A Bookshelf of out-of-print, hard-to-find and rare books from Callin Mackintosh

6 June 2018

Callin Mackintosh, although originally from Dundee in Scotland, now co-runs Lowrie, a design studio in East London alongside Mike White. On his weekends and evenings, however, he runs Out of Print: a bookshop selling rare, hard-to-find, collectable and completely out-of-print books.

“Like a lot of designers, I’ve had the collecting bug from a young age, starting off with football stickers, Pogs, Teenage Mutant Ninja Turtle coins, Tazos etc,” Callin explains. It was while studying graphic design at university that he began to take collecting more seriously, however. “I guess it was from searching through the dusty corners of the university library and finding books that hadn’t been checked out in around 20 years which kickstarted my passion for collecting again,” he recalls.

As Callin continued collecting books, often receiving those which had been thrown from libraries and marked as “removed from stock”, he ended up acquiring one from his own university’s library. “This gave me the idea to launch Out of Print,” he explains, “the aim being to get these books back into the right hands to inspire and educate, not just sit in some warehouse collecting dust.”

Callin’s collection has continued to grow and grow and now incorporates all sorts of weird and wonderful titles. We caught up with Callin to find out which of these would make it into his dream Bookshelf. “I found it extremely hard to pick just five books from my collection,” he tells It’s Nice That, “my favourites change quite a lot depending on my mood, what I’m working on or even because of a new subject I have only just discovered. But here goes…”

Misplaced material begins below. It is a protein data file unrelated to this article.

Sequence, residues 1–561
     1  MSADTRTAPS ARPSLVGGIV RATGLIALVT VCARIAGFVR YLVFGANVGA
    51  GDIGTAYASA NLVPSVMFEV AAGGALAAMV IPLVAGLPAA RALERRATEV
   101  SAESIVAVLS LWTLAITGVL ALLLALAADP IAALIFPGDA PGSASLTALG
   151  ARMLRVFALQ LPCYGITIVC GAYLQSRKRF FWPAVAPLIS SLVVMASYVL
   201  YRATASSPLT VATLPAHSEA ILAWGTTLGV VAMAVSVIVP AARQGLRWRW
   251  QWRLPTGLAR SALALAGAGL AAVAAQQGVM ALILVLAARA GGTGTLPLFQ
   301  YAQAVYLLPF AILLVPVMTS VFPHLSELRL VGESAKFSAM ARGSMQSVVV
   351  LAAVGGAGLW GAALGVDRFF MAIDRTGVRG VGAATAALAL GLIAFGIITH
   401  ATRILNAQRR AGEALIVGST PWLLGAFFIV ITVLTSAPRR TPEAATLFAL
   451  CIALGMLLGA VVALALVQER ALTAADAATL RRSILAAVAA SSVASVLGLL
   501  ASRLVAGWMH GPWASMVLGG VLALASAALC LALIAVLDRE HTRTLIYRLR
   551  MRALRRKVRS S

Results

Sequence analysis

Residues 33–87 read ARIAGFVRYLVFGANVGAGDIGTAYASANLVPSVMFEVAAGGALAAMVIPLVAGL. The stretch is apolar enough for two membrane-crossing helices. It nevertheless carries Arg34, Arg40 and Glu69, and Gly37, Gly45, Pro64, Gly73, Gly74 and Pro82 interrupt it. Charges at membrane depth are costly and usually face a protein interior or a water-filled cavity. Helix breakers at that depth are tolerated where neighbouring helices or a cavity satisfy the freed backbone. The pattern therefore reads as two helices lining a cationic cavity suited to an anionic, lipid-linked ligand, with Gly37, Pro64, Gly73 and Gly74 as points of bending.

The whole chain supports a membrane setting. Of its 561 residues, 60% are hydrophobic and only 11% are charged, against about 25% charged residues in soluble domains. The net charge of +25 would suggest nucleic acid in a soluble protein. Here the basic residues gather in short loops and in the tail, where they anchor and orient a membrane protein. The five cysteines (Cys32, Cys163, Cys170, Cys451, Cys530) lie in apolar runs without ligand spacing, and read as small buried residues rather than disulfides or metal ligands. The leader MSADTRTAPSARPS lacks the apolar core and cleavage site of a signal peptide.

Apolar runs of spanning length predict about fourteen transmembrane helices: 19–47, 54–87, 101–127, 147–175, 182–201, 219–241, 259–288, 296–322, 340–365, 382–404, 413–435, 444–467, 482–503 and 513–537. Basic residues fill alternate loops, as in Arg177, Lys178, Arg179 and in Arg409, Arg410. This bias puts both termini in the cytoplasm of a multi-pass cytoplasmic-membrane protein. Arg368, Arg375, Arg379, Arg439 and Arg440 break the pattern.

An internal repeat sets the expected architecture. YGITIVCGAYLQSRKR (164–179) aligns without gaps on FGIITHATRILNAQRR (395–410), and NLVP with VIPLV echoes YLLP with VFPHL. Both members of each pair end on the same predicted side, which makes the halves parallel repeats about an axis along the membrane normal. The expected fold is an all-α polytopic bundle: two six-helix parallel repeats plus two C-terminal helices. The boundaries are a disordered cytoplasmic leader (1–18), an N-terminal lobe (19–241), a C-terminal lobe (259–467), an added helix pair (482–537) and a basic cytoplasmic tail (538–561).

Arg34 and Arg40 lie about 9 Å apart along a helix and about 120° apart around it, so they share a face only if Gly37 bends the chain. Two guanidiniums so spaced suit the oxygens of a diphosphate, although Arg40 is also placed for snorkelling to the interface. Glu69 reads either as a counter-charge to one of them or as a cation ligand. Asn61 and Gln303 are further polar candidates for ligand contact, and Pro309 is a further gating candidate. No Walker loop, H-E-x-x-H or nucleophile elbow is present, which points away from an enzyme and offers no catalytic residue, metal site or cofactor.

Theseus Chan: Werk and Guerillazine

From the moment I received the request to do this bookshelf review I knew straight away I wanted to include the work of Theseus Chan. I struggled to pick just one publication however, so have included a selection of Werk Magazine and Guerillazine. What makes his work so unique is the way he pushes each issue to the limit, using several techniques I’ve never seen before in the world of publishing. Some issues invite the reader to become part of the story by allowing you to break the seal to open the book in your own way. Some are heat treated by hand, some with holes drilled through them and some have been left in a print house for weeks exposed to the elements. A true inspiration when it comes to creating any print work, he really breaks down the boundaries of what a book should be.

Werner Blaser: Tempel und Teehaus in Japan, cover design by Armin Hofmann, book design by Richard Paul Lohse

This book has been at the top of my list to find since I first started seriously collecting books. The publication is about classical Japanese Architecture, compiled by Swiss architect Werner Blaser. The cover is designed by one of the great graphic designers of our time, Armin Hofmann. Such a minimal typographic cover with just the title in a bespoke display typeface makes for a timeless piece of design. I honestly think you can look at this cover and think it was created in 1955, 2005 or even 2055. This book is a favourite of mine for more than just the cover, inside are some amazing pieces of traditional Japanese architecture, including plan drawings and photographs. There is one building in particular, The Katsura Imperial Villa in Kyoto, which I find incredibly inspiring. So much so that a few years back I began to develop my own display typeface named Katsura based on the geometric grid of this interior.